GAO says costs, schedule hamper IRS modernization
- By Mary Mosquera
- Jul 07, 2003
The pace and scope of IRS modernization is moving faster than the agency's managers can keep up with, a government auditor said.
Despite some progress, the IRS still falls short in managing modernization cost and schedule estimates, said Greg Wilshusen, assistant director for the General Accounting Office's IT team. 'And the scope and complexity of the program is growing, and the number of projects is increasing,' he said.
'The IRS' capacity to manage modernization is still maturing,' he said. The agency does not yet have sufficient knowledgeable staff, experience at estimating costs and the ability to use performance-based contract methods, he said, echoing comments in a GAO report released last month.Numbers don't add up
The IRS has improved its management controls for software acquisition, he said. 'But the imbalance between program pace and management capacity adds risk to deliver these systems on cost and on schedule,' Wilshusen said.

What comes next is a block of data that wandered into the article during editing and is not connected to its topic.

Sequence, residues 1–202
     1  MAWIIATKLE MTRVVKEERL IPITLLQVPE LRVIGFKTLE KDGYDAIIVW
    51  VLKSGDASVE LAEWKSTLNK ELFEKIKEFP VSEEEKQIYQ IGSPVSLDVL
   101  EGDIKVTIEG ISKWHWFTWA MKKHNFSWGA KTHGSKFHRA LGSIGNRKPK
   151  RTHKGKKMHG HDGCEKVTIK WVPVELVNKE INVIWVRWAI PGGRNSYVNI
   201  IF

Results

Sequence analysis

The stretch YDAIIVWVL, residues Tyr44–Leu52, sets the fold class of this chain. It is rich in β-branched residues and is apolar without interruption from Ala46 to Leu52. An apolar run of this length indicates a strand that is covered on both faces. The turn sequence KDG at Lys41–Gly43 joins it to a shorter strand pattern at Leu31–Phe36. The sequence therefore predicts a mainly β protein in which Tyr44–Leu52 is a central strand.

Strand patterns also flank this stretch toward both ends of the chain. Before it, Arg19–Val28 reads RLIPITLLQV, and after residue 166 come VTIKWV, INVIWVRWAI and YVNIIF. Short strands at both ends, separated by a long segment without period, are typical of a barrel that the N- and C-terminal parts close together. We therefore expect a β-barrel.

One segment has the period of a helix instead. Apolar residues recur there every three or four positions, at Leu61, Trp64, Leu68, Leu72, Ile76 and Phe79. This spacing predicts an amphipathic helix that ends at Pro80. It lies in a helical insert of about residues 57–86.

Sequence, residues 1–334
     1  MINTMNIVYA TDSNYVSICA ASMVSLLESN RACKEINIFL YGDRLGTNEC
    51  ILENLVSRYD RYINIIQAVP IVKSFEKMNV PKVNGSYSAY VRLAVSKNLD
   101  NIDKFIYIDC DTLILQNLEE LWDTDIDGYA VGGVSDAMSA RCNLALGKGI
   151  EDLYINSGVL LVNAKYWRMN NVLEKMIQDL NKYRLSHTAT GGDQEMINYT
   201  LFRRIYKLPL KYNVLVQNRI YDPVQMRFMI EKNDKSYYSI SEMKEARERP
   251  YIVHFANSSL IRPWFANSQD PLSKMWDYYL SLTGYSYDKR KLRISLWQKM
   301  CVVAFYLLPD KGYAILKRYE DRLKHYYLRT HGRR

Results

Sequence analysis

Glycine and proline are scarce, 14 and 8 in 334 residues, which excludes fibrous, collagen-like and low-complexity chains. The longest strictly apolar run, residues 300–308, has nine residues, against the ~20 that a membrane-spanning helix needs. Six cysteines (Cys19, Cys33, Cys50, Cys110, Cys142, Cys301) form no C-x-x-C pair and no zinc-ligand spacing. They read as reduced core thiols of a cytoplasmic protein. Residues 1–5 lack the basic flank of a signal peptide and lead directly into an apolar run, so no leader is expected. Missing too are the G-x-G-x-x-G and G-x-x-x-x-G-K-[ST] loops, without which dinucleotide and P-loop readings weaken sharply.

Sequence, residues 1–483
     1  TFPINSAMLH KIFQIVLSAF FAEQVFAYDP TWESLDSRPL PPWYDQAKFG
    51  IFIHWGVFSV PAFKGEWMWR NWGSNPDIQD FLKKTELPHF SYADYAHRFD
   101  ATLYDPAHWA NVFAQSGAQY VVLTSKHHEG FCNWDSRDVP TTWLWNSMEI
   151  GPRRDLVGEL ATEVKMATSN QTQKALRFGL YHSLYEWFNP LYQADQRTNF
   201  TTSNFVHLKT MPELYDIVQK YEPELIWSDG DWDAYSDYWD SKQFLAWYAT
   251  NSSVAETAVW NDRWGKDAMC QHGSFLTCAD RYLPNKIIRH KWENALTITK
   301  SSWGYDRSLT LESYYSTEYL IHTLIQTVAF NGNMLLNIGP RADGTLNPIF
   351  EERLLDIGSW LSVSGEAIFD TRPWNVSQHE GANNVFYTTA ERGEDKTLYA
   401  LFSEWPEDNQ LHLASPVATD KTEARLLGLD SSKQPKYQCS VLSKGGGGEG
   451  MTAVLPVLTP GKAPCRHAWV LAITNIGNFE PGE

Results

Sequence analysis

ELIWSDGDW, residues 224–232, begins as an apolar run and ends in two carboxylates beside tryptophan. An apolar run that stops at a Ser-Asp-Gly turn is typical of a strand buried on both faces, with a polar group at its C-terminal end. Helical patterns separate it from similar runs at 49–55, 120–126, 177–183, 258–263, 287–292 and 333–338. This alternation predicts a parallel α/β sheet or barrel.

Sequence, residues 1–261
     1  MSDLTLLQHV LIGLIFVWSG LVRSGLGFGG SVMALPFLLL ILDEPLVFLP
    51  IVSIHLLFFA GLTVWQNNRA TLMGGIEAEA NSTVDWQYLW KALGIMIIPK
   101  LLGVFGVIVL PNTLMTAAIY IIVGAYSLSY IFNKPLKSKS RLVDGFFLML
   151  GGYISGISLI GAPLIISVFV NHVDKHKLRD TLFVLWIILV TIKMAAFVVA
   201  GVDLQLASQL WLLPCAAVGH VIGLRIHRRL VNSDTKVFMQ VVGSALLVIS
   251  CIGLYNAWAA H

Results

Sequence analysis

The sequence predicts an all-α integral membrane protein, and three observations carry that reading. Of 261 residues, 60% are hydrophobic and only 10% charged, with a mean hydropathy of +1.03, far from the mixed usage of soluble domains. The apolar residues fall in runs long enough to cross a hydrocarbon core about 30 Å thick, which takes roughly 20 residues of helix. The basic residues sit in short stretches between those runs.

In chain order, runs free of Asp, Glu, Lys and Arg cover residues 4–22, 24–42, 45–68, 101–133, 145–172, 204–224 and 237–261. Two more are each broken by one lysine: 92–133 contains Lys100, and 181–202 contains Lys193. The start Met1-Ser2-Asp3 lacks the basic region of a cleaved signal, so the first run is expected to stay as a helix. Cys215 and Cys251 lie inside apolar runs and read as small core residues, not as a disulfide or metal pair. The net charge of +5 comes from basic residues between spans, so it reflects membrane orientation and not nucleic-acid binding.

The GAO report said 75 percent of IRS initiatives and acquisition milestones were 10 percent over cost or behind schedule in the revised fiscal 2003 expenditure plan. Delivery of the first phase of the project to replace the decades-old Master File system has been delayed 13 months.
The Customer Account Data Engine, intended to replace the mainframe Master File, will have the capability for daily updates so the IRS can deliver refunds faster and better manage unpaid taxes. The agency will deploy the first release of CADE next year to handle the easiest returns, those from Form 1040EZ filers.
'We expect the easiest returns to be running through the CADE environment during the 2003 filing season,' said John Dalrymple, deputy commissioner for operations support.
IRS commissioner Mark Everson agreed with GAO's findings and recommendations. The agency is working with Prime contractor Computer Sciences Corp. to develop best practices to validate cost and schedule estimates. One of Dalrymple's tasks is to attract and retain experienced staff to advance modernization.
The IRS will make management changes to improve its use of performance-based contracts, Dalrymple said. 'It requires more experienced people, plus experience in how we manage our contracts,' he said.
To view an Adobe Portable Document Format of the GAO report, Business Systems Modernization: IRS Has Made Significant Progress in Improving Its Management Controls, but Risks Remain, go to www.gcn.com
and enter 132 in the GCN.com/search box.
Mary Mosquera is a reporter for Federal Computer Week.